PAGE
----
Introduced in chronological order:
1916 – “The Day they Hanged an Elephant” – Erwin, TN
All the credit for finding out about this one goes to Librarypat as I had not come across this incident in my research. This event happened to the Sparks Brothers Circus – a small circus that was touring the southern US. A drifter, Red Eldridge, was hired by the circus that day to be an elephant handler (he had no prior experience of any kind, but apparently that didn’t matter). Claims as to what exactly happened on the evening of September 12, 1916 are confusing at best, but in some way while leading the elephant, Mary, down to get a drink from a pond, Eldridge ended up with his head smashed in by the elephant. Of course people were outraged and called for something to be done. Mr. Sparks decided that a public hanging of the offending Mary was necessary so that he would be able to carry on with his show. Over 2,000 people showed up. Mary was hanged by a railroad crane (twice actually because the first chain broke). This is one of the most prominent cases of animal cruelty in the circus. To read more about this incident, or to see the image which I won’t post here, you can visit the Blue Ridge Country website.
1918 – “Great Circus Train Wreck of 1918” – Hammond, IN
This circus disaster happened to the Hagenbeck-Wallace Circus – it toured the country and was the second largest circus, right behind Ringling Brothers and Barnum and Bailey. In the very early hours of June 22, 1918 the train carrying the cars of the Hagenbeck-Wallace Circus had pulled over to the rail side waiting for a track switch. Problem One: the Hagenbeck-Wallace train had not pulled completely off of the main track, leaving a few of its cars still on the track. Problem Two: the military troop train that was following behind the circus train did not see that the train was still on the tracks because the engineer had fallen asleep at the controls. The two trains collided – right into the sleeping cars of the performers. The circus train was quickly engulfed in flames – due to the kerosene lanterns used to light the cars. 86 performers were killed and another 127 were injured. In a great show of circus camaraderie – other competing circuses donated equipment and performers so that the show would go on, only missing their immediate next two engagements. You can read more about this disaster on the Hammond, Indiana website.
1942 – “Circus Animals Perish in Costly Fire” – Cleveland, OH
This is the first of two circus disasters that we will look at that happened to Ringling Brothers and Barnum and Bailey Circus. Occurring just 2 years before the Hartford Circus Fire this incident is looked upon as a great foreshadowing of events to come. The source of the fire is not known, but a fire started near the menagerie tent. All spectators were able to get out and circus workers fought against the flames to save as many of the caged animals as possible before it was too late. Even with all of the efforts approximately 100 animals died during this quick moving fire – the camels, zebras, and elephant groups taking the most damage. As you can imagine there was chaos – mostly from the animals that were unable to get to safety or just were so spooked that they would not cooperate with the handlers that were trying to save them. At least 26 animals had to be put down by police with machine guns because their injuries and burns were too extreme to be saved. Some of these very same animals would go on to survive the Hartford Circus Fire. You can read more about this disaster at the GenDisasters website.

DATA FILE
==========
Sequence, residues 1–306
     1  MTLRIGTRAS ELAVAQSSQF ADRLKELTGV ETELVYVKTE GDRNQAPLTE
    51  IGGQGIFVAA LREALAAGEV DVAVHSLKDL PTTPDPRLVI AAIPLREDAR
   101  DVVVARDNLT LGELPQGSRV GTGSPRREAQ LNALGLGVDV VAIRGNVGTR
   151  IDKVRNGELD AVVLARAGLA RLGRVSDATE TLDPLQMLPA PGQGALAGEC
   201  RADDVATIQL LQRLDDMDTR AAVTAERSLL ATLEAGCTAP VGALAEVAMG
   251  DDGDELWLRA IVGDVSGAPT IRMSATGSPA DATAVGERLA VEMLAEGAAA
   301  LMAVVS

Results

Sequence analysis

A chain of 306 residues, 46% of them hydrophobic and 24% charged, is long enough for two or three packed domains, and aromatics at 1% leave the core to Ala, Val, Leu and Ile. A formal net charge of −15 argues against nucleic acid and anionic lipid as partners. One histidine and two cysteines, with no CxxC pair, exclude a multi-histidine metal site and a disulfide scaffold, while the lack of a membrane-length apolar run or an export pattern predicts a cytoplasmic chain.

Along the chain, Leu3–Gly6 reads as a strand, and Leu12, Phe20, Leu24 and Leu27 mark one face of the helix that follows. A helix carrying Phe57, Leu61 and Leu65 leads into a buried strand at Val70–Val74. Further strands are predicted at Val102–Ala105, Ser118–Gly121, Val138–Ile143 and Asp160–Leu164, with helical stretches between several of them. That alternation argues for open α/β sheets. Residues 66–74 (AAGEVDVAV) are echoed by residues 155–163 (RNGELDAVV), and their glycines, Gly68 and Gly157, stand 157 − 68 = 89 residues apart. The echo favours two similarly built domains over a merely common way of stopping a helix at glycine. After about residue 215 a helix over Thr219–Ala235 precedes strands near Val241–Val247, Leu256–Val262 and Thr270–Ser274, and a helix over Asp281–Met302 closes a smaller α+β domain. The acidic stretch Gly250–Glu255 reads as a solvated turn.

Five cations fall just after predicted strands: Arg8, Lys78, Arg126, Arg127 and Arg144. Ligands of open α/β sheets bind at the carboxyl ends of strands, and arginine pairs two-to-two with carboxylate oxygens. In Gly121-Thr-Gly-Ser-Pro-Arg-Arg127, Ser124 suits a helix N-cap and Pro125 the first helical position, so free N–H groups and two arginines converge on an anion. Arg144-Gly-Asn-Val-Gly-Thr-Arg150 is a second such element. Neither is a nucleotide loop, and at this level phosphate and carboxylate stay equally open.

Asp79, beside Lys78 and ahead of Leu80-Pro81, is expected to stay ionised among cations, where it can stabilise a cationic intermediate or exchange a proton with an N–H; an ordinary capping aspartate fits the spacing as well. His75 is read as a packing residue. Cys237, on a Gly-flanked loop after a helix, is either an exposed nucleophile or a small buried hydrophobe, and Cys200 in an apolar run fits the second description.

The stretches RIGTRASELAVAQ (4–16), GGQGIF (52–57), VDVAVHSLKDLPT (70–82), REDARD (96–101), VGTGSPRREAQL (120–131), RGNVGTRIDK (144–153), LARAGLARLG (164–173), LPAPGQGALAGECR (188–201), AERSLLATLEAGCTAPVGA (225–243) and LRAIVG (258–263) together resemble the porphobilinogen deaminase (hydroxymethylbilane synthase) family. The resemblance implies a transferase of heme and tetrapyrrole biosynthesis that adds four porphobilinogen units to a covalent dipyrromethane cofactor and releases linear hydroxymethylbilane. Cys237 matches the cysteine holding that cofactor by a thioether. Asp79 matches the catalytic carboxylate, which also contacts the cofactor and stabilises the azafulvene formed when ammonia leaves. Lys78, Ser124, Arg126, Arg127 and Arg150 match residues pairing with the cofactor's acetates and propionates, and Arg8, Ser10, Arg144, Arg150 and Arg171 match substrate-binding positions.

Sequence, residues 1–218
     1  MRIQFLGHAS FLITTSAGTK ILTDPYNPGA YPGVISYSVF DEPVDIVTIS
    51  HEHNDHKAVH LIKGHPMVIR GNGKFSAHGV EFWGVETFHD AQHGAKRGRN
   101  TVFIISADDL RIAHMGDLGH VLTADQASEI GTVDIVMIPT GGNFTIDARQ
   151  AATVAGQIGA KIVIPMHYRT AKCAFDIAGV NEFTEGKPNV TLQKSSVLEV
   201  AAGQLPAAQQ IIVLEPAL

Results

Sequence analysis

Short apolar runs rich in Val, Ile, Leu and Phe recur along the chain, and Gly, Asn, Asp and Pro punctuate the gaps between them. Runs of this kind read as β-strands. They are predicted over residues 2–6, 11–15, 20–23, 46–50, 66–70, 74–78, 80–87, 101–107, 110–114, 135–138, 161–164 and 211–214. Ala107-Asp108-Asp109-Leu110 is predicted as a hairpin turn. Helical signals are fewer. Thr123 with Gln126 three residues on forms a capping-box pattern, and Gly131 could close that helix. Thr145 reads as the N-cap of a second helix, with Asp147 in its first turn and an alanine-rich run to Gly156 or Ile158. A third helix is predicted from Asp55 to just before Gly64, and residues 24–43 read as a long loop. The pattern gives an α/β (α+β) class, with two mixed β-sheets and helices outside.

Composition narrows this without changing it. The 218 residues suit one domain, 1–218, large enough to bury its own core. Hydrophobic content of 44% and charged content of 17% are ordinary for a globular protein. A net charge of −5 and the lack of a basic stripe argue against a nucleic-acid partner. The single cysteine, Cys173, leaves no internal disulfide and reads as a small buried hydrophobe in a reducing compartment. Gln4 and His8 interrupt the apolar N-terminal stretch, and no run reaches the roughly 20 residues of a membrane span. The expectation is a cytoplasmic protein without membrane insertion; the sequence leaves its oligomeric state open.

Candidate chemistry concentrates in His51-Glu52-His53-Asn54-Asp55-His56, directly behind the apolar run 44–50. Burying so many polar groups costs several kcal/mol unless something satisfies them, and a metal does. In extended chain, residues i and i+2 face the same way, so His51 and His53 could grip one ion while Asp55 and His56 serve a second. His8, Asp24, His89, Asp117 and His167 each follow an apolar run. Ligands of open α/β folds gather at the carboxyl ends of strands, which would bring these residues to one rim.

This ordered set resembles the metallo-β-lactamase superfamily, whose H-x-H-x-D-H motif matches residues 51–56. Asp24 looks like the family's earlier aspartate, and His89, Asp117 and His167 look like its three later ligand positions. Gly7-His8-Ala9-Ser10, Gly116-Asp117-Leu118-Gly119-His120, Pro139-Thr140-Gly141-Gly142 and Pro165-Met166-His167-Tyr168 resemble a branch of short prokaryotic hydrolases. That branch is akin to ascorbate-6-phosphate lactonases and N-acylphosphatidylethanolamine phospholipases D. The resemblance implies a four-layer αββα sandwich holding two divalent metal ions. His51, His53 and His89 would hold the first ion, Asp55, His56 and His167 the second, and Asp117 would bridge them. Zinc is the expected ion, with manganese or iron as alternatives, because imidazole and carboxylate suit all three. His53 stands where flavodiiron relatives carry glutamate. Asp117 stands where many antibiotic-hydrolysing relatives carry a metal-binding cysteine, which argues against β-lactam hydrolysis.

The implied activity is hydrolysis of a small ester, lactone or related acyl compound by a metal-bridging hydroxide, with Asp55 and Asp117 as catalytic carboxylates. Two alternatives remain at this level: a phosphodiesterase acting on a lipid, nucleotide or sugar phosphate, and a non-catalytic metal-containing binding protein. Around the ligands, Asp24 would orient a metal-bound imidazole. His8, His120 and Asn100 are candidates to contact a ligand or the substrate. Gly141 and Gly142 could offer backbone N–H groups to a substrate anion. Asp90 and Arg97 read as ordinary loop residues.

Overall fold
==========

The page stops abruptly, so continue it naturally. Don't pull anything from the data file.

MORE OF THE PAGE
1944 – “The Day the Clowns Cried” – Hartford, CT
This is the worst circus disaster in the history of the circus in the US – and the only one I know of where there was a loss of spectator life. As we have seen above there were losses to performers and circus animals, but during this one, not one single animal or performer was lost. This disaster happened to the Ringling Brothers and Barnum and Bailey circus on July 6, 1944. During the matinee show a fire broke out along the side wall of the tent and within just a couple minutes had spread to the top of the big top. The aerialists were up on the high wire, the two circus performers with their cages of big cats had just finished their performances and were trying to get the cats out of the ring, and the band reacted and began to play the disaster march, Stars and Stripes Forever. Spectators panicked and fled for the only exit they knew of, others were too shocked to move. The whole tent burned to the ground in approximately 10 minutes. 168 spectators died – mostly women and children since it was a weekday matinee, over 700 people were treated for some sort of crush injury or burn. You can read more about this disaster at Circus Fire 1944. This website has lots of links to photos, videos, and additional historical content.
I thoroughly recommend the books below for additional reading about various circus disasters:
** The Circus Fire by Stewart O’Nan ** (I don't think I can recommend this book enough!)
A Matter of Degree by Don Massey and Rick Davey
Cleveland’s Greatest Disasters by John Stark Bellamy II
Worlds Afire by Paul Janeczko (YA)
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